Winter weather driving and survival guide - KAIT-Jonesboro, AR-News, weather, sports

Winter weather driving and survival guide

Updated:

Bridgestone/Firestone worked with IMSA and SCCA championship winning race car driver Peter Cunningham (also a three-time national ice driving champion), to develop these tips for safe winter driving.

During winter months, keep abreast of weather reports in your area. Smartphone users can easily get a download link to install the Region 8 News weather app by texting either IPHONEWX or ANDROIDWX to 52488.

If snow or ice is predicted, make plans to leave early or arrive later. An alarm clock set to an earlier time can be a good friend in helping you avoid difficulties.

If you can move a night trip to daylight hours, do so. Not only is visibility better, but if your vehicle is stalled, you are more likely to receive prompt assistance during the daytime. 

Prepare your vehicle for winter driving - use this checklist as a guideline: 

1. Check windshield wiper blades to make sure they work properly. In some areas, snow blades are an effective alternative to conventional wiper blades. 

2. Have your mechanic test the anti-freeze/coolant to provide the correct level of protection required in your driving area.

3. Make sure your tires are properly inflated. Underinflation can reduce the gripping action of tires because the tread will not meet the road surface as it was designed to do. Overinflation has the same effect.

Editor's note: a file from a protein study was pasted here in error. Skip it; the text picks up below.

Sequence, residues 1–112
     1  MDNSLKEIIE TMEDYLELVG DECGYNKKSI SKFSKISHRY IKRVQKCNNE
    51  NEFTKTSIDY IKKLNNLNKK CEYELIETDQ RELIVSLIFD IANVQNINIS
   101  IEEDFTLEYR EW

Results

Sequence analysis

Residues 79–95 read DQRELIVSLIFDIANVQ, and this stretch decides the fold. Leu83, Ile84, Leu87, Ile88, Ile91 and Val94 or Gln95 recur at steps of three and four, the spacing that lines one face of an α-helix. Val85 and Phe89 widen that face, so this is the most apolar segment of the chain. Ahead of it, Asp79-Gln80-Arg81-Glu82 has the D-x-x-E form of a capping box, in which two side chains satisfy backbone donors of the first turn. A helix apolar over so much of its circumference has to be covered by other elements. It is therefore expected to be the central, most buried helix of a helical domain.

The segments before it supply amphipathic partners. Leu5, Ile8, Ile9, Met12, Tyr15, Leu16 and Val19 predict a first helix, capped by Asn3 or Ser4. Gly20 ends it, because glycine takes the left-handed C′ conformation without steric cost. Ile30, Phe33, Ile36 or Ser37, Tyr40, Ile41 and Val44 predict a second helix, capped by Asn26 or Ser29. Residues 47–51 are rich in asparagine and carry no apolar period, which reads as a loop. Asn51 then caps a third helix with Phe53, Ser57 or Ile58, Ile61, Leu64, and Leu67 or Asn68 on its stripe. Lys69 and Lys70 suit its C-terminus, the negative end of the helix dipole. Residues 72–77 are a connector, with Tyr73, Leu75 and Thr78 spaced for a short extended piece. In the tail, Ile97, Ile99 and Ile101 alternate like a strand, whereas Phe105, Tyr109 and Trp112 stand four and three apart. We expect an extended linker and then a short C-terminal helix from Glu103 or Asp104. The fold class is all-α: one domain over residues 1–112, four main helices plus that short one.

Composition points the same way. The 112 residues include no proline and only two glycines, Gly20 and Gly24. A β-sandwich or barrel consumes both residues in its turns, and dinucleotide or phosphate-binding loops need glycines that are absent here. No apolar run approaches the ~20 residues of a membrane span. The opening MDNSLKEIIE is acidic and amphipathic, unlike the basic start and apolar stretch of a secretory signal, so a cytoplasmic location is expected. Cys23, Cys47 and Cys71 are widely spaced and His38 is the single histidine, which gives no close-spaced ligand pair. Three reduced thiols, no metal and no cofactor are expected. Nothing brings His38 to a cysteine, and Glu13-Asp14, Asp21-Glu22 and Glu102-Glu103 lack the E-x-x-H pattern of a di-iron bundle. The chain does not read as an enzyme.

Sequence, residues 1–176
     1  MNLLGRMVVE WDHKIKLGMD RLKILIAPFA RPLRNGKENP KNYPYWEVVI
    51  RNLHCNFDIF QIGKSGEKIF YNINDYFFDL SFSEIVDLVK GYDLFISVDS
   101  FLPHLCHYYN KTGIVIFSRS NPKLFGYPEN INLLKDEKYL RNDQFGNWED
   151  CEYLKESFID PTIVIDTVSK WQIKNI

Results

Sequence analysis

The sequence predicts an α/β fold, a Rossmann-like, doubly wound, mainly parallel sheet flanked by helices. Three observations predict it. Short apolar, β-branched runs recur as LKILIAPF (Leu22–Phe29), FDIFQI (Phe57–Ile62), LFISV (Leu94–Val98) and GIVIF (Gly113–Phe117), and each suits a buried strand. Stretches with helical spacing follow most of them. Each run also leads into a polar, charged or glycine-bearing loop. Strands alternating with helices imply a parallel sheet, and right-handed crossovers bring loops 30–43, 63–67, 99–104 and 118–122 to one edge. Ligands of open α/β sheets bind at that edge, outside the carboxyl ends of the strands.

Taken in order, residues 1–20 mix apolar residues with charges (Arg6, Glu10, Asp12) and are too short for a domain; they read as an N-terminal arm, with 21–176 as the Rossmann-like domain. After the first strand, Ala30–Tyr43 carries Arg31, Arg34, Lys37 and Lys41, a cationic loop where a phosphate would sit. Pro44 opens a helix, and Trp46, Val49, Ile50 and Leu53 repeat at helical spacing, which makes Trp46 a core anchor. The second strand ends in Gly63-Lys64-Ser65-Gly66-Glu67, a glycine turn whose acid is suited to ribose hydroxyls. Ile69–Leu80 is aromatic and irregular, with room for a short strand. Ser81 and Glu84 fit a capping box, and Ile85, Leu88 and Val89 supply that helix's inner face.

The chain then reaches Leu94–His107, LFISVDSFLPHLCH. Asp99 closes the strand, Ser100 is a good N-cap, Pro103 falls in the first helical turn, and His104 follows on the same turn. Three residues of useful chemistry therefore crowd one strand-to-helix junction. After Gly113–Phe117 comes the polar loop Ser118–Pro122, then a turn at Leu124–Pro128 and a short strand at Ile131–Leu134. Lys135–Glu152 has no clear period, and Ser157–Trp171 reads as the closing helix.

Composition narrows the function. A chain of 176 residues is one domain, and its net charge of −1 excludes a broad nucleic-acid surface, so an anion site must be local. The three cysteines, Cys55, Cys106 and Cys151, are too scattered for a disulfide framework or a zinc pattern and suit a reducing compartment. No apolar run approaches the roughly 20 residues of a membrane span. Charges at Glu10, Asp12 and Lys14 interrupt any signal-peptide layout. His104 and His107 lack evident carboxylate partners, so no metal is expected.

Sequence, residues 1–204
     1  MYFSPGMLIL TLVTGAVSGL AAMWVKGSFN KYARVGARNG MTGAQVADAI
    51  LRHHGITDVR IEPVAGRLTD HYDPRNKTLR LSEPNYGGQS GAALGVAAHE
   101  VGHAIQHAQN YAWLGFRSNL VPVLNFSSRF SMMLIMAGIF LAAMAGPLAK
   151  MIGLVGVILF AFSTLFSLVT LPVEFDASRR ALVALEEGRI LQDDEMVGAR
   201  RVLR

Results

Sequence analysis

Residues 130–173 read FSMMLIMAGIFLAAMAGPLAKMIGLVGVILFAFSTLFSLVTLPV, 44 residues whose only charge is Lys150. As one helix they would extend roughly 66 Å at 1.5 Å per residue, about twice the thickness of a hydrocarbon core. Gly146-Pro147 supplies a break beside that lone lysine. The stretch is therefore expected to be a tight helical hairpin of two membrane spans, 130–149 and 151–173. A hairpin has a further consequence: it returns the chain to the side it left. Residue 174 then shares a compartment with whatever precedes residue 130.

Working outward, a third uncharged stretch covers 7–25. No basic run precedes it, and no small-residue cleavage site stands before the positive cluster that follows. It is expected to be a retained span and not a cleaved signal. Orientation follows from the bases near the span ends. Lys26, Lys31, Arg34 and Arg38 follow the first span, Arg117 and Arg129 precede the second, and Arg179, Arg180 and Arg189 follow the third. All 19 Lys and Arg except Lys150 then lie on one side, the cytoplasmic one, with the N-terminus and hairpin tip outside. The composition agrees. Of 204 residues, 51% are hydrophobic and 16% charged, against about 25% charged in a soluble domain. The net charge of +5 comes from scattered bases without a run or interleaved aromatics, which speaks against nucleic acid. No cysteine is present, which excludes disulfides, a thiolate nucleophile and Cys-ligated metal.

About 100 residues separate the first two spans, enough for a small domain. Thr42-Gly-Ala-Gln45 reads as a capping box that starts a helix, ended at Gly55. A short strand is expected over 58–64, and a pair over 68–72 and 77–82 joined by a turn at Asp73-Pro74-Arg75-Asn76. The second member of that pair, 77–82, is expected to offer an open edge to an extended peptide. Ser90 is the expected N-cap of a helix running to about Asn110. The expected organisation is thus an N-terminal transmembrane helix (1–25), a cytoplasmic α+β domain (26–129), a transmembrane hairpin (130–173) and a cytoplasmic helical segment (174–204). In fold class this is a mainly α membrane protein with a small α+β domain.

4. If you live in areas where snow and ice are certainties of winter driving, don't depend on all-season tires. Instead, install snow tires. Snow tires are made of softer components and have a unique tread design that provide better traction and road-gripping abilities.

5. Keep your gas tank at least half-full. The extra volume can help reduce moisture problems within your fuel system. It also adds helpful weight to your vehicle.

6. In rear-wheel drive vehicles, extra weight in the trunk or truck bed may be helpful. Use care-- unsecured weight can shift while you are moving or if you have to stop suddenly. Bags of sand can provide weight and, if sprinkled on the ice, sand helps provide traction. 

  • Before you leave your driveway, scrape the ice and snow from every window and the exterior rear view mirrors, not just a small patch on the windshield. Don't forget to remove snow from headlights and brake lights.
  • Try to remove ice and snow from your shoes before getting in your vehicle. As they melt, they create moisture build-up, causing windows to fog on the inside. You can reduce this fogging by turning the air recirculation switch to the OFF position. This brings in drier, fresh air. You can also run your air conditioner which serves as a dehumidifier for a few minutes. 

  • You and your passengers should all use safety belts, both lap and shoulder straps. Pull them snug to ensure they work properly. 

  • Adjust head rests. Rear-end collisions are common in winter driving and a properly-adjusted head rest can prevent or reduce neck injuries.